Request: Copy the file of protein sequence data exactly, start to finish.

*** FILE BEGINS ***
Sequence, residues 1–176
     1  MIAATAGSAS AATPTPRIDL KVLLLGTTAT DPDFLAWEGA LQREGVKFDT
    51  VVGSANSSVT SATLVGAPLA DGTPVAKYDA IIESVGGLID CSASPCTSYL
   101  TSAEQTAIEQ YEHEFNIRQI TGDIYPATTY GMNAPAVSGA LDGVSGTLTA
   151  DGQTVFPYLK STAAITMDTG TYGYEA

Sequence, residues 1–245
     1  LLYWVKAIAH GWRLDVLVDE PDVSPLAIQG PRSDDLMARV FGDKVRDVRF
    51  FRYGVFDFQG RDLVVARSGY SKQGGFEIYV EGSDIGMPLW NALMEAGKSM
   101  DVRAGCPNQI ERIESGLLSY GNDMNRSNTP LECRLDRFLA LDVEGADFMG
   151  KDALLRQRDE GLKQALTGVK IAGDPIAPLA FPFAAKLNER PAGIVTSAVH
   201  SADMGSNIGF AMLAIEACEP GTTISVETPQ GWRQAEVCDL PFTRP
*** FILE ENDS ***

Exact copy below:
Sequence, residues 1–176
     1  MIAATAGSAS AATPTPRIDL KVLLLGTTAT DPDFLAWEGA LQREGVKFDT
    51  VVGSANSSVT SATLVGAPLA DGTPVAKYDA IIESVGGLID CSASPCTSYL
   101  TSAEQTAIEQ YEHEFNIRQI TGDIYPATTY GMNAPAVSGA LDGVSGTLTA
   151  DGQTVFPYLK STAAITMDTG TYGYEA

Sequence, residues 1–245
     1  LLYWVKAIAH GWRLDVLVDE PDVSPLAIQG PRSDDLMARV FGDKVRDVRF
    51  FRYGVFDFQG RDLVVARSGY SKQGGFEIYV EGSDIGMPLW NALMEAGKSM
   101  DVRAGCPNQI ERIESGLLSY GNDMNRSNTP LECRLDRFLA LDVEGADFMG
   151  KDALLRQRDE GLKQALTGVK IAGDPIAPLA FPFAAKLNER PAGIVTSAVH
   201  SADMGSNIGF AMLAIEACEP GTTISVETPQ GWRQAEVCDL PFTRP